84-year-old struggle veteran dies in fire at her Soweto home

18 July 2020 - 16:06 By TimesLIVE
Eighty-four-year-old struggle veteran Mirriam Setshego Martin died in a fire at her home in Meadowlands, Soweto, on Saturday morning.
Eighty-four-year-old struggle veteran Mirriam Setshego Martin died in a fire at her home in Meadowlands, Soweto, on Saturday morning.
Image: Supplied

Struggle veteran Mirriam Setshego Martin died in a fire at her home in Meadowlands, Soweto, on Saturday morning, her family confirmed. She was 84.

Family spokesperson Moemise Motsepe said the house caught fire at about 4am.

He said the family suspected that Martin had finished her routine predawn reading of the Bible, this time with the aid of a candle because of load-shedding, resulting in accidental fire caused by the burning candle.

Her grandson, Elijah, who was sleeping in another bedroom, was “woken up by the smell of smoke but it was too late, my beloved granny lay lifeless in her bed”, he said.

Martin's uncle, black business stalwart Dr Sam Motsuenyane, said the family was “deeply anguished that the deceased passed in a blaze of fire after having survived cancer and high blood pressure for so many years”.

“It is a tragic and painful end, and what makes this particularly hard to bear is that her mother, who was my elder sister, lost her life after a primus stove exploded and the paraffin engulfed her in a raging fire. Any other way, perhaps, but not death by fire,” Motsuenyane said.

A post-mortem examination would  be conducted by the Forensic Pathology department, after which Martin's remains would be released to the family for burial, which is planned for Thursday, July 23 at the Anglican Church in Zone 7 Meadowlands, Motsepe said.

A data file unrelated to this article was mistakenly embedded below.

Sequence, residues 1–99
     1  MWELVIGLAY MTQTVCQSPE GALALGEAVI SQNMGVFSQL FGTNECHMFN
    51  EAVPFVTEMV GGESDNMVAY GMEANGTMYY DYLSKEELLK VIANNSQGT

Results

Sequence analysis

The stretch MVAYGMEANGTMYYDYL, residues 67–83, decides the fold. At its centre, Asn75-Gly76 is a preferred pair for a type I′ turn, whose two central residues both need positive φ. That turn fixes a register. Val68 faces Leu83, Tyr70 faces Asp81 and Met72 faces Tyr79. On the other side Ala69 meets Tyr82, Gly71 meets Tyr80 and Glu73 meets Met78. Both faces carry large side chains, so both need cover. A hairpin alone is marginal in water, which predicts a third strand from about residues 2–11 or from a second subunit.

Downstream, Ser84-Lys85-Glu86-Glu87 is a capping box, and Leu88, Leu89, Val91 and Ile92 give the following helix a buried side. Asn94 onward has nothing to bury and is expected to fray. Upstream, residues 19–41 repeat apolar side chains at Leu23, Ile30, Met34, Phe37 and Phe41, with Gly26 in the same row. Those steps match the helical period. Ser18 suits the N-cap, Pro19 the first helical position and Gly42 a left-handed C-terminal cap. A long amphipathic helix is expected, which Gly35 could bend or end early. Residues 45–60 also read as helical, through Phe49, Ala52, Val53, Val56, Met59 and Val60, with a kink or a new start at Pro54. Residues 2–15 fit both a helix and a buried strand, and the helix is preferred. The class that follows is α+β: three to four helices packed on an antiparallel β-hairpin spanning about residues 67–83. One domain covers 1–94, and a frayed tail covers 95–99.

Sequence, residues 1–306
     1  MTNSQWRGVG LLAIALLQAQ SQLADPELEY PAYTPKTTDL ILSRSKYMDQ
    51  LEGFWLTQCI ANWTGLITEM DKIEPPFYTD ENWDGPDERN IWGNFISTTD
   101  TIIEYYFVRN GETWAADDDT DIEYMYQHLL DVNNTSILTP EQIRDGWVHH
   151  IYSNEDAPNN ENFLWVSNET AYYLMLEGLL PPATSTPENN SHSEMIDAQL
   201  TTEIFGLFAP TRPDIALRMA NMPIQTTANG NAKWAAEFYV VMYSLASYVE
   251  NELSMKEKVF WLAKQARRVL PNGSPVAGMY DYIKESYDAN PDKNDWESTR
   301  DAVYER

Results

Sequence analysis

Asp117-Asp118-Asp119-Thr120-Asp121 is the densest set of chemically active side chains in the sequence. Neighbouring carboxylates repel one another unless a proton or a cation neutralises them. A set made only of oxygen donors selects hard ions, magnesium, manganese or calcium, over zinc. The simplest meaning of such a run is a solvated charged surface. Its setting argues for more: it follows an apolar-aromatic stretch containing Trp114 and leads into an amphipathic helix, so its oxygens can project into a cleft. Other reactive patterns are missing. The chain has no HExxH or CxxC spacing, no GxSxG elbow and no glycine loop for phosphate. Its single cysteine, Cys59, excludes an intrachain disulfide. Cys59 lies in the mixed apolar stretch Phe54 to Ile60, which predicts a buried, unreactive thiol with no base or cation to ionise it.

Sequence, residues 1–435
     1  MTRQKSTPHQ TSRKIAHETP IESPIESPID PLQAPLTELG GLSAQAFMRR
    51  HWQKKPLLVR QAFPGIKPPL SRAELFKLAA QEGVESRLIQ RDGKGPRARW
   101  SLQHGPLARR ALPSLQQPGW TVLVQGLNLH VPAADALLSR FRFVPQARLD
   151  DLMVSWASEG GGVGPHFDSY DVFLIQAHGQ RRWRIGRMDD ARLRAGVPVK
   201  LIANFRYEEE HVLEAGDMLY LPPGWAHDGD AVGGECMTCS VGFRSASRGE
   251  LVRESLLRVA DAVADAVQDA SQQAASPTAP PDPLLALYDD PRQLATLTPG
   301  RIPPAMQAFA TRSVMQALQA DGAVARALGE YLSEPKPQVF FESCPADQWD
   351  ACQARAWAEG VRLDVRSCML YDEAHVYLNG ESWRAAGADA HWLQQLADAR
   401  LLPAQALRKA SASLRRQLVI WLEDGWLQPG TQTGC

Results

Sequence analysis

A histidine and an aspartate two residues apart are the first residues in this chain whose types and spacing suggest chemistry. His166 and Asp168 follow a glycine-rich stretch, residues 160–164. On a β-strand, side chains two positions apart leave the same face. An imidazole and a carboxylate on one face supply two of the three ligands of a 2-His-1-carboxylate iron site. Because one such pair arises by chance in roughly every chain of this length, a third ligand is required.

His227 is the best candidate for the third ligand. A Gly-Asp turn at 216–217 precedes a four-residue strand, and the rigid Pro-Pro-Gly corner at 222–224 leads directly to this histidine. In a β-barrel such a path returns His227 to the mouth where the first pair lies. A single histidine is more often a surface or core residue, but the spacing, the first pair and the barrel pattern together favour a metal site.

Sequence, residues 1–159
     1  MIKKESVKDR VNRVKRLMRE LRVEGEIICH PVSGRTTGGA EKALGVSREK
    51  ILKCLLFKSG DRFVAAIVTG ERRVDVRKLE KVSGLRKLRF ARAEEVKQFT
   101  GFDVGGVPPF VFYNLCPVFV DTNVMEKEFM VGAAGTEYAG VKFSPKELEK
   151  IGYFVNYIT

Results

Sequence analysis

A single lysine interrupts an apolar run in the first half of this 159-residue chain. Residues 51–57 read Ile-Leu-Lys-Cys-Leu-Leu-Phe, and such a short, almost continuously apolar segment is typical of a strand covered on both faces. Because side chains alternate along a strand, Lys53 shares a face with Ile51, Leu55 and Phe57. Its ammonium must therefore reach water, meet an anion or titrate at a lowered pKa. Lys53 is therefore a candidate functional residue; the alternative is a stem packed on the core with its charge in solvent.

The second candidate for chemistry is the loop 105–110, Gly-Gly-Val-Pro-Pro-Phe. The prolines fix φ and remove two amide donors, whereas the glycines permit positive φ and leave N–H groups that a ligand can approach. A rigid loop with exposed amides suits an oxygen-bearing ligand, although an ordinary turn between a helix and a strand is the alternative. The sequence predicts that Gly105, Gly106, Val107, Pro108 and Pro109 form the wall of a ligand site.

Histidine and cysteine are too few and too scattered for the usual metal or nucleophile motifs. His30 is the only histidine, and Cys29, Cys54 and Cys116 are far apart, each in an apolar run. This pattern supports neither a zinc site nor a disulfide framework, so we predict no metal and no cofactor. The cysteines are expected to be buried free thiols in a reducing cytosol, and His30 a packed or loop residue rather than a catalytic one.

Martin worked in different capacities at a clothing manufacturing factory in Johannesburg for many years, where she was active in the trade union movement as one of the activists who were at the forefront for better working conditions and benefits.

For decades she served as a courier in the liberation movement, alternating between Swaziland, Mozambique, Botswana and Zambia to transmit classified messages, documents and maps for Umkhonto we Sizwe (MK), the former armed wing of the then banned ANC. She also actively helped many youths to skip the country to join MK.

It was because of these activities that she endured arrests, torture and harassment by apartheid police, but never relented. She was a member of the ANC Women’s League and participated actively in community-building initiatives, Motsepe said.

“When the ANC first arrived in exile after its banning in 1960 many leaders and members were given residence in Moses Motsuenyane’s farm in Lusaka, Zambia. Moses was my elder brother and the deceased used visits to her uncle, who was a priest, as a decoy for her underground work in the struggle. She long earned the respect of many for her courage and commitment to the quest for freedom. What a wonderful person she was, soft-spoken, generous and infinitely kind,” Dr Motsuenyane reminisced.

Born in Eignaarsfontein in the Potchefstroom district in 1937, Martin, née Ngakane, grew up in Walmansthal, near Pretoria, and later moved to Alexandra where she did her schooling. She was the eldest surviving daughter of Teti Ngakane née Motsuenyane and Ntitswe Ngakane. She had two children from her marriage with Gilbert Martin  — Stalin Ngakane, who died while exiled in Lusaka in 1994, and Shirley Martin, a former member of MK and the SANDF, who died in 2010.

She is survived by her grandchildren Lerato, Elijah and Tshepo as well as her siblings Elijah, Anna and Bogatsu.


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